The cost of genius.
There is no doubt that Richard Pryor was a genius when it came to comedy. He literally changed the face of stand up and what was possible in that world. His legacy is still felt to this day in the works of Chris Rock, Dave Chappelle, Katt Williams and hell, just about most famous comedians.
Damon Wayans said at a tribute show “Richard Pryor defined the game of stand-up comedy and comedy itself, and if you haven’t stole from Richard, then you’re probably not that funny.”
His physical comedy is like a ballet between him, his material and the audience.
The genius is documented here in this warts and all film that doesn’t shy away from the more difficult side of the late (or even early) comedian’s life.
Charting his journey with an early appearance on Johnny Carson’s show all the way to his death in 2005, we get to see his many wives, successes, failures and addictions through the eyes of friends and family.
When someone is that talented it often goes hand in hand that they may very well be a tortured soul. It is said that many artists self-medicate in one-way or another. If you feel so much being a sensitive, sometimes there has to be a way to escape that intensity. It’s just a fact that certain souls need an outlet to decompress. Look at the history, artists like to experiment and it definitely informs their work, unfortunately it sometimes destroys them.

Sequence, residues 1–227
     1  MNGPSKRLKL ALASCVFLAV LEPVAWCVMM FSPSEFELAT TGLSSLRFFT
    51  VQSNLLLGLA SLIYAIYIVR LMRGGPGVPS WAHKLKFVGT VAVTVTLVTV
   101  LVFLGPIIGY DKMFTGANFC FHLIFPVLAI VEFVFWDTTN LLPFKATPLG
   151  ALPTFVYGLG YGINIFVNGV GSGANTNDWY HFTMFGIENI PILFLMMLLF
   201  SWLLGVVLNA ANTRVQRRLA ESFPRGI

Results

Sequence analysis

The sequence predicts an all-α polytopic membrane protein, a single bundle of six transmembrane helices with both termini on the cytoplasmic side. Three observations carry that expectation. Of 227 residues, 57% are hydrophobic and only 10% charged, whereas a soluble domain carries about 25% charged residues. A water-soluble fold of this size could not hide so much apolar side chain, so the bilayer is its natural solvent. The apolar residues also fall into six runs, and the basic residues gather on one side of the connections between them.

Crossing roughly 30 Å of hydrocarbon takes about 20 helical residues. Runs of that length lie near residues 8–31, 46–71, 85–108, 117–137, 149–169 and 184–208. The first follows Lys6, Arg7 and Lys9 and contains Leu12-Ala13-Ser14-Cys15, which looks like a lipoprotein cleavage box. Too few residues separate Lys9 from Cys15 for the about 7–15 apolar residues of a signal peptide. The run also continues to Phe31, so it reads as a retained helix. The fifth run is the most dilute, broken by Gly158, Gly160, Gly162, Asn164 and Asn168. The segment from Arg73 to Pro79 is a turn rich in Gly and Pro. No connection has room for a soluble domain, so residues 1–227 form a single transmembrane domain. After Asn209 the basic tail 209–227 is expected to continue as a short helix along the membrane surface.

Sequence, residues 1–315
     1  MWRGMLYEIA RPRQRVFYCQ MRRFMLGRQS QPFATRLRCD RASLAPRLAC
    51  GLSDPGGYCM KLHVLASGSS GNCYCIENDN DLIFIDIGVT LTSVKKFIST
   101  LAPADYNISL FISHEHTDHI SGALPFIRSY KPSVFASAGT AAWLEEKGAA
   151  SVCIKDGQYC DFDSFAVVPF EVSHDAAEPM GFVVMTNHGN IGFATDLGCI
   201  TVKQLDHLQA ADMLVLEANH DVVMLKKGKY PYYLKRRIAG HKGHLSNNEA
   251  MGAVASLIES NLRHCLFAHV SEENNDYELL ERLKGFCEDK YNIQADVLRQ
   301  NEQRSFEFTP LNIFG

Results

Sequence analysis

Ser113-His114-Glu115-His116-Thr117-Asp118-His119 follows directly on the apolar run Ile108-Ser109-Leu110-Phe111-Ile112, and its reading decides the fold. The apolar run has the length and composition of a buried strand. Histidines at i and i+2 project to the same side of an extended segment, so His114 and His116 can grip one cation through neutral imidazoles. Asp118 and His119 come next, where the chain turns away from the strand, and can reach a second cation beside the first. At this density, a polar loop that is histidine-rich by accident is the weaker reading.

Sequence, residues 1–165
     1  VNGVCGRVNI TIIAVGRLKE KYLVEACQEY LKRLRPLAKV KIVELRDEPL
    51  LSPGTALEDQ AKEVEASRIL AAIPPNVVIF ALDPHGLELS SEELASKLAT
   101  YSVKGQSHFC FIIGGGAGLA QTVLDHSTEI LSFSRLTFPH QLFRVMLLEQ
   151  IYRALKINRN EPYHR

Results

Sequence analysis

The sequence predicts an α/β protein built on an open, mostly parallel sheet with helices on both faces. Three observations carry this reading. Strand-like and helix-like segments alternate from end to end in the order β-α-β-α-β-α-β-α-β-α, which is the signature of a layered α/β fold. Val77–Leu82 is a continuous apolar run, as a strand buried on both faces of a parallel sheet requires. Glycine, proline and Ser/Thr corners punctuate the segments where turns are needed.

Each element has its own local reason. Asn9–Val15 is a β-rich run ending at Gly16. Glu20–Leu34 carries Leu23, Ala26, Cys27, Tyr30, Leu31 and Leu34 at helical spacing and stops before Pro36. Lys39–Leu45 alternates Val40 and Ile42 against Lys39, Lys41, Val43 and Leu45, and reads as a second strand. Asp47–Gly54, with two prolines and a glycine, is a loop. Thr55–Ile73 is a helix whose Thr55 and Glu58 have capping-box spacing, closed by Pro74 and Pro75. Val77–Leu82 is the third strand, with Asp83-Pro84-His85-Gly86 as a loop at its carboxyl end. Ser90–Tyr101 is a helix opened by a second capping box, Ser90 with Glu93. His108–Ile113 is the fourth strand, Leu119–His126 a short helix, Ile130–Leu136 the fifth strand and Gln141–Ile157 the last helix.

Richard Pryor famously used his experiences in his routines and this is one of the things about great stand- ups, they lay themselves bare, at least when it come to the stage. It is why we love them. Comedians can say anything and the great ones do and do it well.
Marina Zenovich directs this documentary that, while not being as comprehensive and definitive as it could be, still gives us some interesting talking heads (Robin Williams, Paul Mooney, Whoopi Goldberg, Mel Brooks amongst them) and informs us a little bit more about this great man.
To understand the affect Richard Pryor has had on the world of comedy this quote by the brilliant Dave Chappelle sums up his influence:
“Richard Pryor, undisputed champion of the world, greatest of all times, case closed, period, exclamation point.”